Arriving in Glasgow, I remember why I look forward to attending All-Energy each year – the buzzy atmosphere, idea sharing with likeminded people and hearing about innovative projects helping to accelerate our journey to net zero. In fact, it’s where I chose to pursue renewables as a career back in 2007.
As well as exhibiting at the show, Thrive took part in several panels and presentations. My colleagues Otis (Investment Manager) and Chris (Development Manager) presented at the Community and Local Energy Show Floor Theatre, discussing Thrive’s funding offer for local energy projects – including the benefits to shared ownership and our role in the funding of England’s largest onshore wind turbine.
I also shared my thoughts on community ownership of offshore wind, following a great paper from Regen on the same topic, and moderated a panel on Power Purchase Agreements (PPAs) - an agreement which is used to sell electricity generated by clean energy projects like wind farms or solar arrays. Joined by Kristina Rabecaite, CEO of PPAYA Limited, Tom Abbott, Head of PPA at EDF (UK), Leigh Brown, Senior Business Development Manager at SmartestEnergy and Rhys Thomson, Commercial Director at Community Windpower Limited, it was great to hear their thoughts on the latest and future trends in PPA routes and how they can support renewable developers and generators in selling their power. A big thank you to the speakers who joined me and the fabulous audience for a very engaged session.
Alongside Thrive’s sessions, it was great to hear from others working within the industry and get their insights on how the market is developing. Below I share my key observations from across the two days.
1. Communities are ready to scale up and share ownership
It’s great to see an increasing number of people engaging with community energy initiatives and an appetite to take on larger size projects. Shared ownership models are mutually beneficial – allowing communities to access working capital, experience, and exposure, while developers can benefit from shared infrastructure, local support and collaboration.
At Thrive, our flexible approach to finance could help facilitate shared ownership. Our 20MW battery in Bristol is proof of this – we’re giving Bristol Energy Cooperative an opportunity to own a share in the project so that local good causes can benefit from some of the revenues.
2. Finance is changing
Until a longer-term picture emerges in terms of interest rates and inflation, many developers have shared that they are now looking for short term finance solutions, as well as one funding partner that they can work with across a portfolio of projects.
When it comes to finding a route to market, the conference confirmed that Power Purchase Agreements are also getting more complex and will increasingly involve multiple parties as they purchase different parts of a project’s offtake. We’ve also seen shorter term PPA structures emerge, while corporate PPAs are becoming increasingly attractive as they give projects more security around electricity prices.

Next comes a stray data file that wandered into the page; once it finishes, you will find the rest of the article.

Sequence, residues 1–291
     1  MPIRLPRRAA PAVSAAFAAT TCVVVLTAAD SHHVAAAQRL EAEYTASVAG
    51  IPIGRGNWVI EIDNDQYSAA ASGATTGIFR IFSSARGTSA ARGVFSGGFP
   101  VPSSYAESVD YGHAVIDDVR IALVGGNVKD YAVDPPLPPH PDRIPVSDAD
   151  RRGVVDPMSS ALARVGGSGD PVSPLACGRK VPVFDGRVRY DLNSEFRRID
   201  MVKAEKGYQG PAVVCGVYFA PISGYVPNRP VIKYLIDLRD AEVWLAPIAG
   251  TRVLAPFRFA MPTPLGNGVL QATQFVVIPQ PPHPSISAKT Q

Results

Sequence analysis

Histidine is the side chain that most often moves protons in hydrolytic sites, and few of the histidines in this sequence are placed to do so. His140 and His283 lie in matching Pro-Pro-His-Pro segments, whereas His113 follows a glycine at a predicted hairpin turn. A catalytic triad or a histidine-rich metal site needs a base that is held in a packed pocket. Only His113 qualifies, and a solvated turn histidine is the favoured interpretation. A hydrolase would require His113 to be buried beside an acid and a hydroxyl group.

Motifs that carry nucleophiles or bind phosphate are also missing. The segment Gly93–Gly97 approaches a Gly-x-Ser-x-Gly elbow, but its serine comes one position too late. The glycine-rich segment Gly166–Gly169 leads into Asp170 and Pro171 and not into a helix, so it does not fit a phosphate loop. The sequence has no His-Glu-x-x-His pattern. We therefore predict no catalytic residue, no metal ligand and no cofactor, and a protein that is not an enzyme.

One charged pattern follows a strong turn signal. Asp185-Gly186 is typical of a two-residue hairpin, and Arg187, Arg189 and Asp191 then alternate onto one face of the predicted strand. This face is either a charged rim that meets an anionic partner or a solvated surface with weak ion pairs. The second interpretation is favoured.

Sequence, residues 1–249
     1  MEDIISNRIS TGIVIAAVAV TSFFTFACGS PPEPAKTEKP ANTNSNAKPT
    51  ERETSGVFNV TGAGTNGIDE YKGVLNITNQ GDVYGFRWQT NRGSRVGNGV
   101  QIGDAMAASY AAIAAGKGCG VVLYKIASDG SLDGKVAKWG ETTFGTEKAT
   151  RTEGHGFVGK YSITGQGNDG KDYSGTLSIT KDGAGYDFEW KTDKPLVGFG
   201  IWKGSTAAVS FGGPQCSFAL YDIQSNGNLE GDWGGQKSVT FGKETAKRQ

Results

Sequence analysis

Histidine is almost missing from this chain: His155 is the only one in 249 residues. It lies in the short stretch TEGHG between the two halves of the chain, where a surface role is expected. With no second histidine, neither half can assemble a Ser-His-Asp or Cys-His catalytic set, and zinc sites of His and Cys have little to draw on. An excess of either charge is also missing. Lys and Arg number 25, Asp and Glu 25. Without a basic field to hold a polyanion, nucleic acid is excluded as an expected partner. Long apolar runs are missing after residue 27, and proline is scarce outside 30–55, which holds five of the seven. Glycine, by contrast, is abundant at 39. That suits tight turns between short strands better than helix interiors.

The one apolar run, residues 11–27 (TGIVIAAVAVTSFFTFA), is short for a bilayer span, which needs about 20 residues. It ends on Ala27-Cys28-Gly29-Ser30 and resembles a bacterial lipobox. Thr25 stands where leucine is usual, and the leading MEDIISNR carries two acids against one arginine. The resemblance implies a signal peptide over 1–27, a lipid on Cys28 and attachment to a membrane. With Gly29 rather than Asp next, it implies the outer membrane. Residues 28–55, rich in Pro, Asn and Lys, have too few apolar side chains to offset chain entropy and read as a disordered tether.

3. Direct wire is becoming more popular
Many UK businesses are looking to on-site renewables as a solution to manage energy costs in a volatile market and to improve their environmental credentials as they work towards net zero. Many don’t necessarily have the capital – or skill set – to install those renewables themselves and therefore need support with funding and expertise. It was positive to see many businesses, developers and EPC contractors using the conference as a way to meet and take project opportunities forward.
4. Community crowdfunding for offshore wind
At Thrive, we’re big believers in community ownership and the importance of keeping the economic, social and environmental benefits of clean energy projects local. This is a topic I’m really excited about and would certainly deliver a multitude of benefits for the local community, as well as helping to facilitate a just transition in the offshore wind industry. It will be interesting to see how community ownership models for offshore wind evolve in the years to come.
5. Renewable heat is taking off!
According to the International Energy Agency (IEA), heating is the world’s largest energy end use, accounting for almost half of global final energy consumption. As the world continues to grapple with the ongoing energy crisis, the IEA also predicts that modern renewable heat consumption will increase by almost one-third between 2022-2027.
It was interesting to hear more about the future of renewable heat at the conference and the technologies, policies and track record showcased by other countries. While there are still some challenges to overcome – including the need for a clearer revenue model – it’s been suggested that some kind of grant programme will need to be developed in order to accelerate this technology at the scale required.
6. Growing green careers
Finally, it was a huge pleasure to see so many students who are looking at this industry as a future career path. We had discussions with students whose interests ranged from sustainable concrete to impact financing and digitalisation. It’s really positive to see fresh young talent entering the sector and the passion they have for making the world a better place. At Thrive, we aim to support students as much as we can and currently offer a summer internship to university undergraduates looking to understand more about the clean energy sector, whether it be in engineering, financial modelling or community benefit.